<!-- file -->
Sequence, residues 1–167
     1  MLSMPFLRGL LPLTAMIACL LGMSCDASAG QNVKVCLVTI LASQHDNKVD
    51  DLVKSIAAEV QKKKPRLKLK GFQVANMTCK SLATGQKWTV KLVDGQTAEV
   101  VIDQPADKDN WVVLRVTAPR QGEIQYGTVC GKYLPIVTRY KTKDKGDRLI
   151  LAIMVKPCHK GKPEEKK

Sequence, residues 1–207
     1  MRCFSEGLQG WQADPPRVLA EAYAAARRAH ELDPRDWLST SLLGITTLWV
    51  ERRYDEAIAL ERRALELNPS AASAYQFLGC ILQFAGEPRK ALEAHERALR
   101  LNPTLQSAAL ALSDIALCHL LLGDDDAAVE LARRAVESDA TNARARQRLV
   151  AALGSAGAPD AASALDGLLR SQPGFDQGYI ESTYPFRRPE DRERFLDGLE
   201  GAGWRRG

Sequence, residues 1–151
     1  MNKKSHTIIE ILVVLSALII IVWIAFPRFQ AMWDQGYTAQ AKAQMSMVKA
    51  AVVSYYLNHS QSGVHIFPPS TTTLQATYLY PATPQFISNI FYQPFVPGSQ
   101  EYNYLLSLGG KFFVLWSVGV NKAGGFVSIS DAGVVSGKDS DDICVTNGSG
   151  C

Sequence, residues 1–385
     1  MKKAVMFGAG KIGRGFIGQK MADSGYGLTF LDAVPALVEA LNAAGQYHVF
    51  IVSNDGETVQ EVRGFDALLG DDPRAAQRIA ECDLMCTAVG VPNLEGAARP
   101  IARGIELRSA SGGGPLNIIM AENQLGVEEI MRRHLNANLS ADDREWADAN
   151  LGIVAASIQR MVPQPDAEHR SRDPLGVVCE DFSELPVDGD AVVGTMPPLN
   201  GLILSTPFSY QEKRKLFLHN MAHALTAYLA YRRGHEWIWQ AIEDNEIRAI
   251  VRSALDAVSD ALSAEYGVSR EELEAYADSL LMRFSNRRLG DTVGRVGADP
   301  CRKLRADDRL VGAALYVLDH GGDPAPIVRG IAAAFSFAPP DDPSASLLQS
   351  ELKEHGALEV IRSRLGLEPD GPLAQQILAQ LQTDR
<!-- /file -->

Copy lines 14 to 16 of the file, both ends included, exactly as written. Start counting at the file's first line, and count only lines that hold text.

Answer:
    51  AVVSYYLNHS QSGVHIFPPS TTTLQATYLY PATPQFISNI FYQPFVPGSQ
   101  EYNYLLSLGG KFFVLWSVGV NKAGGFVSIS DAGVVSGKDS DDICVTNGSG
   151  C